South west London has more female MPs than average, but Richmond Park’s Sarah Olney isn’t sure if gender dictates how people vote.
For the newly elected Richmond Park MP, considerations of gender were more subconscious in the minds of voters.
She said: “I’m reaching a bit here but I do wonder if it’s just that you’ve got a lot of women in this part of London that are used to having professional careers, who are used to being equal to their male peers at work, and equal earning power to their husbands, and so when confronted with the possibility of standing for parliament, they feel like they are equal to the task.
“Also, because voters are used to having female colleagues and wives who earn as much as they do, and so they’re much more comfortable voting for a female MP.”
The Liberal Democrat added: “I do think that the fact that we’ve now had another female prime minister does make a difference.
“It’s that ‘women can get to the top of politics, there is a career path for women in politics, there is a possibility of reaching the top job’.”
The 2019 general election saw the UK elect a record number of female MPs, but south west London finished well above the average.
Of the 650 MPs that make up our newest parliament, 220 (34%) are female.
Across the 20 south west London constituencies, 65% of newly elected MPs were female, with 15% of seats switching from a male to a female candidate.
According to figures published by members.parliament.uk, 32.5% (212 of 652) of the 2017 – 2019 parliament were female, while between 2015 – 2017, only 29.9% (194 of 648) of MPs were women.
Retired NHS administrator and Twickenham resident Penny, 65, made her position on this clear: “Men start all the problems, wars and everything like that.
“They’ve got this gung-ho attitude to everything, whereas women think things out better, they’re more rational.”
Yet for Twickenham businessman David McGeachie, 55, even subconscious decisions of gender didn’t influence his vote.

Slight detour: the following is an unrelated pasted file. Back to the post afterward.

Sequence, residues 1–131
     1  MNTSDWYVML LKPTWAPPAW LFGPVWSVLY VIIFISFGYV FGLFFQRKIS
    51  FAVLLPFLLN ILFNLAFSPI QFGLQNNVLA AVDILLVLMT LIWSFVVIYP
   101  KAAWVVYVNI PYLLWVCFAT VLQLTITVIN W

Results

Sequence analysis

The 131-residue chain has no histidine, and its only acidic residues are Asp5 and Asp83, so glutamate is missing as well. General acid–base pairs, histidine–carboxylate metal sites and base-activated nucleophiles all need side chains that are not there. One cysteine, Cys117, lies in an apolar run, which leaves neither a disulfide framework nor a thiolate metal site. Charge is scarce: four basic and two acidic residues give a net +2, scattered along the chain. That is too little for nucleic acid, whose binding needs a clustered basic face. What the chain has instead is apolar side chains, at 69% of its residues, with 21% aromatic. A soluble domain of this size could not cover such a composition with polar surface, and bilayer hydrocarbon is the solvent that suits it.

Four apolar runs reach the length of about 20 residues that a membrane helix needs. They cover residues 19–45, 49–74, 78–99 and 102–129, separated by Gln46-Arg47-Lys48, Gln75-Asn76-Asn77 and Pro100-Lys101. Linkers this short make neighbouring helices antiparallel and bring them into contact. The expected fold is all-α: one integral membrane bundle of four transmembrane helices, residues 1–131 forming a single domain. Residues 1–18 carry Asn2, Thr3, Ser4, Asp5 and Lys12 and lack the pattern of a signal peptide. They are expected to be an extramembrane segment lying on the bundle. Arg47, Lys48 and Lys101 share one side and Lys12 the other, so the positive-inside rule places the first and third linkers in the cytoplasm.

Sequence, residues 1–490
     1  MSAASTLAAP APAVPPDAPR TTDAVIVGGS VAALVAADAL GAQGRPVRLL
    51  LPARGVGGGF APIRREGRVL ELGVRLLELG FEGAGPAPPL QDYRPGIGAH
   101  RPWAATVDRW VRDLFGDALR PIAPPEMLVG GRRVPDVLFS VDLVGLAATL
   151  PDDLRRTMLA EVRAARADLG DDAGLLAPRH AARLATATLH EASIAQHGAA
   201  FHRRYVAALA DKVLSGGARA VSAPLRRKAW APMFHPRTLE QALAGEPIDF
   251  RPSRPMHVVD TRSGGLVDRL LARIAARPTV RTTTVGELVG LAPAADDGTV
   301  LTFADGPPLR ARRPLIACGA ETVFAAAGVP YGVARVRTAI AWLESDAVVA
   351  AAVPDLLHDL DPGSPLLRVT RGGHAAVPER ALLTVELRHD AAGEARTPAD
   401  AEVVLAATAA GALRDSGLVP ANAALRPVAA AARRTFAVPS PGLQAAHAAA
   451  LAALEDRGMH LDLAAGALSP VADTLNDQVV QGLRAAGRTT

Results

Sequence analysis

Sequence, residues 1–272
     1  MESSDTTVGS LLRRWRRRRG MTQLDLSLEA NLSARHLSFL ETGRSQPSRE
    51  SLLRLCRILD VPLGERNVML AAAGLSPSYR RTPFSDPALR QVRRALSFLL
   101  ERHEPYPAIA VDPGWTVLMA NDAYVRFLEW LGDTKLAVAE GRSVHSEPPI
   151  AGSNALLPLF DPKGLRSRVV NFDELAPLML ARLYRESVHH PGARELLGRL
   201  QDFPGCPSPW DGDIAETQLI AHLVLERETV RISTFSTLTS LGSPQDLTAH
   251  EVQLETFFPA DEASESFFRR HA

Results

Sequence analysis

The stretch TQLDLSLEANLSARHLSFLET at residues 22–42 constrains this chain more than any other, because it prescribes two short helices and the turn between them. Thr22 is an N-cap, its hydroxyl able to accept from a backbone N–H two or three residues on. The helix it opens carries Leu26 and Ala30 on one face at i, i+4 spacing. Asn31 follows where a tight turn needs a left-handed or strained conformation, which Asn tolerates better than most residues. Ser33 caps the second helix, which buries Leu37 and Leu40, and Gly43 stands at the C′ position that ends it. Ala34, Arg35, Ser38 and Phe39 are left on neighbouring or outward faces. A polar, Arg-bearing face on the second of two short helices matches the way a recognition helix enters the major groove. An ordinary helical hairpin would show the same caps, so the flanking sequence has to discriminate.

He said: “It was about her as a person, I certainly wasn’t making any statement about voting for a woman.”
He also added that all-women shortlists may have influenced the national average.
While Mrs Olney could only offer suggestions as to why we’d seen a surge in the number of female MPs, she was clear on the benefits to those in Westminster.
She said: “It’s nice having female colleagues, I can’t deny, because you do feel comfortable and you can chat, you can disclose things to a female colleague and they’re not going to be misinterpreted.”
Talking of her previous time as an MP, she added: “Increasingly since #MeToo has come along, well-meaning people who want to do the best by their colleagues have just become very conscious now of how things can be misinterpreted, and what a risk that is for men in particular.
“Certainly, amongst my colleagues there was kind of a real awareness that relationships between men and women, you had to watch what they were saying, be careful of how they were behaving and hyper vigilant.”
While she sees this as less of an issue now, there are others still at play: “There’s just a lot of men still who regard being female as a weakness and they will use it against you.
“I think it’s much less overt than it used to be, but it’s things like in a debate, a man with a loud booming voice will use that to talk over you, or use the fact that they’re taller to catch the speaker’s eye.
“It’s just politics. People will use their advantage.”
On women’s advantages, she said: “I do think that women’s experiences are distinctive from men’s in all sorts of little ways that we probably don’t notice.
“Women don’t walk home by themselves at night so that limits their ability to go out and do things.
“We have periods every month and that obviously slows us down, but also all of us, under a certain age, live with the possibility that we could get pregnant and that is a major issue for women.
“To have somebody with that distinctive experience just gives you a different perspective on life, you have a different assessment of risk, you feel differently about the provision of things like health services and education services.”
Talking specifically about what the seven female Liberal Democrats now sitting in Parliament could bring to politics, Mrs Olney said: “We’re women and you know we feel solidarity with other women, but we are serious and we are concerned about the same things that the men are concerned about.”